That is to say, the entire computing industry could have solved a large percent of the current woes afflicting all exist computers simply by hardwiring the operating system direct into a computer's logic board. Once the operating system had been hard wired into the computer, it would obviously have been impossible for an external actor to invisibly install a root kit, and thereby compromising a computer's 'constitution'. Even if one's password[s] were stolen, the ability of a hacker to alter and affect the internals of your computer would be next to impossible--without physically removing and replacing such hardware.
While this might sound strange or impossible to many, it should be noted that all video games of the 1980s that opened the computing world to the general public operated in this manner. They were not computers with software "installed" into them, either via ethernet or physical storage mediums (i.e. CDs). Rather, they were simple machines whose instructions were embedded directly into 'read-only memory' (ROM) chips, as opposed to its 'random access- memory' (RAM) used to manipulate information computers are fed with. When all computers are turned off, all information in RAM is immediately erased; whereas ROM retains it simply because it has been hard-wired with them. (This is why the operating system must always be read from the hard drive every time you turn it on, and hence their vulnerability.)
It is somewhat curious how the computer industry has allowed itself the right to change at will all the rules and regulations which guide its internal components--which in legal terms would be akin to letting the constitution be re-written every year or every sixth months, depending on the needs of the moment. While this computational trait was certainly due in part to the nascent and quickly changing character of the industry, creating and improving new technologies of immense social benefit, it did bring with it a great amount of instability in the social relations that were affected and determined by this technology. Facebook, as we all know, has regularly written and rewritten its contractual obligations with users on the smallest of whims. The 'right' to modify contracts at will is pervasive in the computer industry, and seems to occur on a regular basis without any apparent legal implications. After all, nobody reads their contracts when they first purchase these social machines.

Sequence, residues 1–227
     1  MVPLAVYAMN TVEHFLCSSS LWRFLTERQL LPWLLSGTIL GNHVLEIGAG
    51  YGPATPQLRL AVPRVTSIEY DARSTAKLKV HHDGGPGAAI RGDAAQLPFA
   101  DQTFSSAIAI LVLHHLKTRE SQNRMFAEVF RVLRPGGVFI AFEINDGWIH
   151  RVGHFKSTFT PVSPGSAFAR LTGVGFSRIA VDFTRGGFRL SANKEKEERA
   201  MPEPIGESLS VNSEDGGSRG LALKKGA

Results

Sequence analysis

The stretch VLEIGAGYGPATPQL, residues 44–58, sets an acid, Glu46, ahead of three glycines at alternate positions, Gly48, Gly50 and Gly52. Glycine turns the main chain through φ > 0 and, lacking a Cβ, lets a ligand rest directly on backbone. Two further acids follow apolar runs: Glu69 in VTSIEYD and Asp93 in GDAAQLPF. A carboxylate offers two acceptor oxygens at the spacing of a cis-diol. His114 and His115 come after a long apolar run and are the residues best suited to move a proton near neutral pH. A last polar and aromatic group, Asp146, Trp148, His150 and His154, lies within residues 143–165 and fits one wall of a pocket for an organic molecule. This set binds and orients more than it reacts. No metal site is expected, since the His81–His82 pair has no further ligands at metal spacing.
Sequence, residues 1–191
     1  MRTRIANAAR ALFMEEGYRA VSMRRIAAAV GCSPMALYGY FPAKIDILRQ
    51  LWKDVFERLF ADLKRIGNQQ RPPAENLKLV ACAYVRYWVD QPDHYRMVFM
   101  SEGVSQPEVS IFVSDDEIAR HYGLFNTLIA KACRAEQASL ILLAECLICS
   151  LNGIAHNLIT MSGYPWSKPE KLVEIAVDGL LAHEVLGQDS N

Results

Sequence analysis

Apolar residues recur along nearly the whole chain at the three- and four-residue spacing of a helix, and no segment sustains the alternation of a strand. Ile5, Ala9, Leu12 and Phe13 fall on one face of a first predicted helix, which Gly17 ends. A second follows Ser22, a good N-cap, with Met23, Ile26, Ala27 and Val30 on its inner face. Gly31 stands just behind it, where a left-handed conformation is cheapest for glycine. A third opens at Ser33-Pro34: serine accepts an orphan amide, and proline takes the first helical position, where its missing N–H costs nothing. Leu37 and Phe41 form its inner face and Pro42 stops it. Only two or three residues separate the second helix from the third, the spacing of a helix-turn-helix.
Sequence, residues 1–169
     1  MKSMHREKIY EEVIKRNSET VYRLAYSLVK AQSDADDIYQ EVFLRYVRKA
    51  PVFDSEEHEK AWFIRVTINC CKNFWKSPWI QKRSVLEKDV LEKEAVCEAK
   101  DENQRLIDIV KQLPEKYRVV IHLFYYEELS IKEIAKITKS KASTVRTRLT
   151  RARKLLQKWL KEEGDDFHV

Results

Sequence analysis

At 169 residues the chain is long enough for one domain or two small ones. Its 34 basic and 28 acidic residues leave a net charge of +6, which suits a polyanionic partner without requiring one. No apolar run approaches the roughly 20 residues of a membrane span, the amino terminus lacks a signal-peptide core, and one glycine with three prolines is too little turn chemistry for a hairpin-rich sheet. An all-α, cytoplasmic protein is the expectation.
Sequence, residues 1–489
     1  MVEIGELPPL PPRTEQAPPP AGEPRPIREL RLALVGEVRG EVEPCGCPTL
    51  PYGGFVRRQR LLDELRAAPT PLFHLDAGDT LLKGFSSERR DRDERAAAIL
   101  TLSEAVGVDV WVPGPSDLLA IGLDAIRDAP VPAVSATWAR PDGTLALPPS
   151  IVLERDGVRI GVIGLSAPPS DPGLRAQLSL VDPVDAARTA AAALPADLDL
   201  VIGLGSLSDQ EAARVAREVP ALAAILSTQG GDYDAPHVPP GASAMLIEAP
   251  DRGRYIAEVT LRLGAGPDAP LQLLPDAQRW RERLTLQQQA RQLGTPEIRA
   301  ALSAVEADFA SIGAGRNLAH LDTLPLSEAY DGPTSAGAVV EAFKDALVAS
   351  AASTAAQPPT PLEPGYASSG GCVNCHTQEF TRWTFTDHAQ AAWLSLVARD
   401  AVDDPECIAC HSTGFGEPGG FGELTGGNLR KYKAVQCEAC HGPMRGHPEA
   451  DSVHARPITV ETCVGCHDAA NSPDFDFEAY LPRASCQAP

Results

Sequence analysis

Yet two of the key benefits of a constitution are its 'open' character and its 'durability/stability'. Constitutions are fundamentally the agreed upon rules of all social interactions in a community: the police do not have a right to search one's home without due cause, and one has a right to express oneself about an outcome that might adversely affect one's well being. We all agree to these rules because of the golden rule: we should treat others as we would like to treat ourselves. They form an enduring and binding contract between its members that allow such societies to flourish and thrive. When constitutions are not writ in stone but rather sand, social chaos and upheaval becomes the norm.